Gaskets also need service over time. “Make sure the gasketing around the door is not cracked,” Nolan says. “As soon as it is cracked, it’s probably not the only one, so take care of them and replace them.” In fact, a washer can even stop working with a damaged gasket. That can allow water to leak, which can trigger the automatic shutoff on Labconco’s washers. To help users keep a washer going, Warden says, “We offer preventive maintenance plans as well as a preventive maintenance schedule that the user can reference for suggested daily, biannual, and annual preventive maintenance, such as replacing seals once a year.” She adds, “Many lab managers realize that purchasing a preventive maintenance agreement is helpful in ensuring that their washer has a long life.”
As mentioned above, compounding pharmacies put different pieces in a lab washer. Fortunately, the inside of almost any lab washer can be completely customized. “We offer so many options,” Nolan says. As examples, she points out direct-inject spindles that “inject into glassware for washing, rinsing, and even forced-air drying.” For specifics, Nolan mentions pipette washers and a directinject test-tube washer.
The science going on in a lab, however, changes over time, and the needs for glassware washing can change too. That’s why Labconco helps customers upgrade or modify a washer over time. “You can always upgrade,” Nolan says. “We designed our units so you don’t need a whole new system or even a new rack. Our upgrades fit in the preexisting rack.” She adds, “They just fit in a standard rack and a couple of screws attach them.”
When the time comes to replace a lab washer or outfit a new lab, a few simple tips can make the difference between buying the right or the wrong machine. “The first thing that I always point out is how many pumps a washer has,” Nolan says. A residential washer, for example, uses just one pump for clean and dirty water. “That’s a huge risk of contamination,” Nolan says. It’s also why a residential washer has no place in a laboratory environment, unless it’s in the lunchroom. Instead, a lab washer needs two pumps—one for inlet water and one for drain water.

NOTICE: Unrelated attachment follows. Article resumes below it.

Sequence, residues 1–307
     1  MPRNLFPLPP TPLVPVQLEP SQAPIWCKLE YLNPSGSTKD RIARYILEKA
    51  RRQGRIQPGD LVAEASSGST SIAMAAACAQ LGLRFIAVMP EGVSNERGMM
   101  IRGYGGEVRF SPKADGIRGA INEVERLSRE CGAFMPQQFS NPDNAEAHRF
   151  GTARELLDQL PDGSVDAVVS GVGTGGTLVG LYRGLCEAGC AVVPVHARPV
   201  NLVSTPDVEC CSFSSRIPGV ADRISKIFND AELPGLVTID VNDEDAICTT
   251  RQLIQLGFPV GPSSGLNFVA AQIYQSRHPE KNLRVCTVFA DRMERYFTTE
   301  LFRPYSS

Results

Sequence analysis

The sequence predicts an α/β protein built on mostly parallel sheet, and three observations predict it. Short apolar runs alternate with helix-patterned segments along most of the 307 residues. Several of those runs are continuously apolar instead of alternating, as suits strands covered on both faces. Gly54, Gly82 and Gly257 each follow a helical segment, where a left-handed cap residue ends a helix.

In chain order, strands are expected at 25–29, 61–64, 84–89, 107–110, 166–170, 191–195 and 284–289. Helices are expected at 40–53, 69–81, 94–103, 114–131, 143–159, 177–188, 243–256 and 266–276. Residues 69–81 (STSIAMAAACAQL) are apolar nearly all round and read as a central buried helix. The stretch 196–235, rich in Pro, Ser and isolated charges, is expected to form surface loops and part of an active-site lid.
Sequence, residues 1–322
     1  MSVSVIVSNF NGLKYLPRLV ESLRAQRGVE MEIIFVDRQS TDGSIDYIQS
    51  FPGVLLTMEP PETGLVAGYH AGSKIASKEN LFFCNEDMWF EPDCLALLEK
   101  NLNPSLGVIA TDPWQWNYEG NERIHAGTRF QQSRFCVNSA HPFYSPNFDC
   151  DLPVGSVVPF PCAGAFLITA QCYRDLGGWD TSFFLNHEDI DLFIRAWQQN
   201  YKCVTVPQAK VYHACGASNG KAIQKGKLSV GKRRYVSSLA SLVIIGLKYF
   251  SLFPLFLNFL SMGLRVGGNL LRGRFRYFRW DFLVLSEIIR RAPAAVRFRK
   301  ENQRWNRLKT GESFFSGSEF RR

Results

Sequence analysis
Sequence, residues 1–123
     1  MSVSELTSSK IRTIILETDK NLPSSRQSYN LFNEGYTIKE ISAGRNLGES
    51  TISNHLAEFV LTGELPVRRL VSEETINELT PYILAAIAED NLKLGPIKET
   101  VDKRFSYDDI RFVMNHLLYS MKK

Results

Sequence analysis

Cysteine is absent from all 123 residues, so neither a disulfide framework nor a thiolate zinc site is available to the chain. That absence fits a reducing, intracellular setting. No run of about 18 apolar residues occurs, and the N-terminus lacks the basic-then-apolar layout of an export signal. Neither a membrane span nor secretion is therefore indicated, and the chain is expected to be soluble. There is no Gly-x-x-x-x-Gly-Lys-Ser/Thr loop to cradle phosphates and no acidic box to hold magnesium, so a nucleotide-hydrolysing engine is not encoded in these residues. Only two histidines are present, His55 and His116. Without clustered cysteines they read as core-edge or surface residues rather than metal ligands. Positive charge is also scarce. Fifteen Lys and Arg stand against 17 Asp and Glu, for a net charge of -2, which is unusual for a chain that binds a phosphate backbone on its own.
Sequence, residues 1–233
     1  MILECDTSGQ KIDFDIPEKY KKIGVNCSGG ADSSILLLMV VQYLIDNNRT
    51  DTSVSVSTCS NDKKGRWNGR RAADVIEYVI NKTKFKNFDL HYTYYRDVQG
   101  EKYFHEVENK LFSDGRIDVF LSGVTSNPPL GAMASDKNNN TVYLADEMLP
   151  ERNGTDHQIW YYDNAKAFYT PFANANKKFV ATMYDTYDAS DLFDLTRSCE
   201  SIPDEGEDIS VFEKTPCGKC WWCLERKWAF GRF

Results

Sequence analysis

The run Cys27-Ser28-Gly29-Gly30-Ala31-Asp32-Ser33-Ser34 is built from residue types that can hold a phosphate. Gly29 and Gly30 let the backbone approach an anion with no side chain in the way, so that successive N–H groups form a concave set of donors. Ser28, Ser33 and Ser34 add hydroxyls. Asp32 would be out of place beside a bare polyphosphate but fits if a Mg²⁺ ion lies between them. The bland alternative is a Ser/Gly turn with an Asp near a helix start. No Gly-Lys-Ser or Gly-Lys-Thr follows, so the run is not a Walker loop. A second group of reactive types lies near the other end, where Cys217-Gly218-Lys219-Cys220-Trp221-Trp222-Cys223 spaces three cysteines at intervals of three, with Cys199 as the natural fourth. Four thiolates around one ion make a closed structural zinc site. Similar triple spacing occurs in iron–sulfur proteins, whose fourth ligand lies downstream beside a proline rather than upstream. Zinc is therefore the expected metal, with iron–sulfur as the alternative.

In any shopping experience, everyone looks at price. In lab washers, remember to look at the bottom line. “Some manufacturers sell lab washers with racks, and some sell without racks,” Nolan explains. “Make sure that you’re comparing apples to apples.”
Depending on the application, the heat generated by a lab washer can matter too. So be sure that any washer being considered meets the needs for the planned uses.
Warden adds, “Getting a lab washer with a few different programs—designed for different glassware or applications—is important.” She adds that a washer should “let the user set up programs specific to their applications or glassware.” That’s the key: every lab needs a washer that can be customized as needed.
For additional resources on Lab Washers, including useful articles and a list of manufacturers, visit www.labmanager.com/lab-washers